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Mean, or in her fumm'd up, in her contain'd,
And in her looks, which from that time infus'd
Sweetnefs into my heart, unfelt before,
And into all things from her air infpir'd
The spirit of love and amorous delight.

After receiving fome admonitions from the angel, Adam explains himself on the subject of his love for Eve, in order to prove that his paffion was founded on reason, and therefore, though violent, not improper for Paradise.

Neither her outfide form fo fair, nor ought
In procreation common to all kinds
(Though higher of the genial bed by far,
And with myfterious reverence I deem)
So much delights me as thofe graceful acts,
Those thousand decencies that daily flow
From all her words and actions mixt with love
And sweet compliance, which declare unfeign'd
Union of mind, or in us both one foul.

The force of Adam's love, which we have already been defcribing, is exemplify'd towards the latter end of the work in many beautiful paffages; and the difpute that arifes between our two first parents, proceeds, as Mr. Addison justly .obferves, from a difference of judgment, not of passion; it is managed with reafon, not with heat; and is fuch a difpute as we may fuppofe might have happened in Paradife, when man was happy and innocent. His parting with Eve is remarkably natural and affectionate.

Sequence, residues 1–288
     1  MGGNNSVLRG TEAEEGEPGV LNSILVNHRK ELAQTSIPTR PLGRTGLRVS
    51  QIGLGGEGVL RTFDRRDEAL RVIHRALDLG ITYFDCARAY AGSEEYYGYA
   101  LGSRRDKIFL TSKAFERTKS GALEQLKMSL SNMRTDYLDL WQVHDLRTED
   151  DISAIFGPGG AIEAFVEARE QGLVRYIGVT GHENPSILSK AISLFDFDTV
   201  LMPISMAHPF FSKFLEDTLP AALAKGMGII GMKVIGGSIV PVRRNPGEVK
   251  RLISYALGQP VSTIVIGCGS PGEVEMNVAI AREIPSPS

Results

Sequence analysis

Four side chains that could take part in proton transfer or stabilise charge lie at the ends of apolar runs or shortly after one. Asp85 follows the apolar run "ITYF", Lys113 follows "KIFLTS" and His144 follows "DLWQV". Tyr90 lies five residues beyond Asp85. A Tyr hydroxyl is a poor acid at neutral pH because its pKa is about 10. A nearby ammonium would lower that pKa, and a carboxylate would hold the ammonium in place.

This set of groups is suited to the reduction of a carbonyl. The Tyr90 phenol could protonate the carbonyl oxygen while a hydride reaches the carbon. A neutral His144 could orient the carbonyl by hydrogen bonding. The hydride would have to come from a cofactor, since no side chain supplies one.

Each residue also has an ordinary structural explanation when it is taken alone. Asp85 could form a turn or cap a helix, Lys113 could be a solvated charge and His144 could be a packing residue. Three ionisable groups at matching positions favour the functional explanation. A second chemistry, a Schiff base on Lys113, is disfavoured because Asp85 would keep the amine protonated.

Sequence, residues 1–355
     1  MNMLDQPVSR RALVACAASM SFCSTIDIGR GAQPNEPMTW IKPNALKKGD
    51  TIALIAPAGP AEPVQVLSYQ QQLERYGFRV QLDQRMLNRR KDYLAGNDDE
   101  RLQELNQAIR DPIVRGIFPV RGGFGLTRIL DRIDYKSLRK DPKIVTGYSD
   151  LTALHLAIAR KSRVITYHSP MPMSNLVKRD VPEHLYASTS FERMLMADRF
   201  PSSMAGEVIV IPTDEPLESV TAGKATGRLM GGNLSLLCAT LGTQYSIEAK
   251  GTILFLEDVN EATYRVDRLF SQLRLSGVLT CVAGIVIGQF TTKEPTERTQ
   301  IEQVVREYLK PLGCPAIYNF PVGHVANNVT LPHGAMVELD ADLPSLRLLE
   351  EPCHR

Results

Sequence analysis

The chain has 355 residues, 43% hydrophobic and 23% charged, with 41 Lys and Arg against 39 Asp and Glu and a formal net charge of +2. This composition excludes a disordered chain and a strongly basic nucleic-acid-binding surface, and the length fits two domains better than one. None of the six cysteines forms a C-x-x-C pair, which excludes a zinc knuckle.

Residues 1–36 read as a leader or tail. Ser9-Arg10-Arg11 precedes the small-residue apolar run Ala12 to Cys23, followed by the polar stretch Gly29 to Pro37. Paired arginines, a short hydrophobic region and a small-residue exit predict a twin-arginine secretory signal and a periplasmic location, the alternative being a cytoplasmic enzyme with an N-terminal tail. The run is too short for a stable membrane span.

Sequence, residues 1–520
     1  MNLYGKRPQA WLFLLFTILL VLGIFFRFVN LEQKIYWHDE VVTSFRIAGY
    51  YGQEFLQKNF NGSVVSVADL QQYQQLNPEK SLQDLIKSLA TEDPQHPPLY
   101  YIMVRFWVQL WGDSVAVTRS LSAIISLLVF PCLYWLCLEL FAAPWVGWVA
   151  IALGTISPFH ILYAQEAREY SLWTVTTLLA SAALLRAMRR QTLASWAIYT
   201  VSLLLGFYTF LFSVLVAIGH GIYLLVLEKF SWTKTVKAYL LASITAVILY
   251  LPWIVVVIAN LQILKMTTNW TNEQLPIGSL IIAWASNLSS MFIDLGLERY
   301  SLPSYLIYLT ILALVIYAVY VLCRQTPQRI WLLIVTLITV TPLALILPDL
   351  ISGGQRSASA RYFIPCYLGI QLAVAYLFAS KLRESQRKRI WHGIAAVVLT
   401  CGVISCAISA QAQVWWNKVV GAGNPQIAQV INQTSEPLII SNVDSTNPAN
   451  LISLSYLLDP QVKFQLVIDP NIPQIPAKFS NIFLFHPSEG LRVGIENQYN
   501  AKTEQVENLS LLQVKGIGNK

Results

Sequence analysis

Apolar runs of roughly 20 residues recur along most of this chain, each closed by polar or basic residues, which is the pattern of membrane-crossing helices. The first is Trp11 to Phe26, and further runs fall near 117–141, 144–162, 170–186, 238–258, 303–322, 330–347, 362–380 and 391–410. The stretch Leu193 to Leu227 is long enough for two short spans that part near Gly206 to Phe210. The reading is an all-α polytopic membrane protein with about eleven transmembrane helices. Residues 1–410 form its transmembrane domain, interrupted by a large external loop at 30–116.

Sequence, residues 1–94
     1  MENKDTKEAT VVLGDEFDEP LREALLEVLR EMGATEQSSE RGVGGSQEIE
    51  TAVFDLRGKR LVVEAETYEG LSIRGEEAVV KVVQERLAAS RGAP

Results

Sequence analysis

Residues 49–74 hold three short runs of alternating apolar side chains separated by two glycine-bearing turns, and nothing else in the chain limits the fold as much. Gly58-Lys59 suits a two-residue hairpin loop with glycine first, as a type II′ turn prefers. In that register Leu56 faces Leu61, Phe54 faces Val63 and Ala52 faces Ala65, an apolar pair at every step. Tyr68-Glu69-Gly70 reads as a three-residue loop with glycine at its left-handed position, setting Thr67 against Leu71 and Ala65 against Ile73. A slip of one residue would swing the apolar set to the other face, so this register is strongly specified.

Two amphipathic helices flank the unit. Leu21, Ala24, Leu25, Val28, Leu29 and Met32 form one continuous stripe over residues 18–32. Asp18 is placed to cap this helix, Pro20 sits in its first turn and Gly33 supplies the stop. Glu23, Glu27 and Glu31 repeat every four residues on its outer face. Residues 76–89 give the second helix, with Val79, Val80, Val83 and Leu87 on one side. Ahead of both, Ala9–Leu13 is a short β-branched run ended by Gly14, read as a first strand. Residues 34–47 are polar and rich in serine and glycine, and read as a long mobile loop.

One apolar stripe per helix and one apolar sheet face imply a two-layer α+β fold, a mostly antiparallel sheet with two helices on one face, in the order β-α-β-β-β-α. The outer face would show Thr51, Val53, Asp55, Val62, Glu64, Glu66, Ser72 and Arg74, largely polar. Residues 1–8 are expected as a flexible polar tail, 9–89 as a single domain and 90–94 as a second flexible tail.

Her long with ardent look his eye purfued
Delighted, but defiring more her stay.
Oft he to her his charge of quick return
Repeated; fhe to him as oft engag'd
To be return'd by noon amid the bow'r.

His impatience for her return, and his employment during her abfence, are moft beautifully expreffed.

-Adam the while

Waiting defirous her return, had wove
Of choiceft flowers a garland to adorn
Her treffes, and her royal labours crown,
As reapers oft are wont their harvest queen.

Great joy he promis'd to his thoughts, and new
Solace in her return, fo long delay'd.

But his affection is more particularly and emphatically expreffed in the fpeech he makes on feeing her irrecoverably loft.

-Some cursed fraud

Of enemy hath beguil'd thee, yet unknown,
And me with thee hath ruin'd, for with thee
Certain my refolution is to die;
How can I live without thee, how forego
'Thy sweet converfe, and love fo dearly join'd,
To live again in these wild woods forlorn ?
Should God create another Eve, and I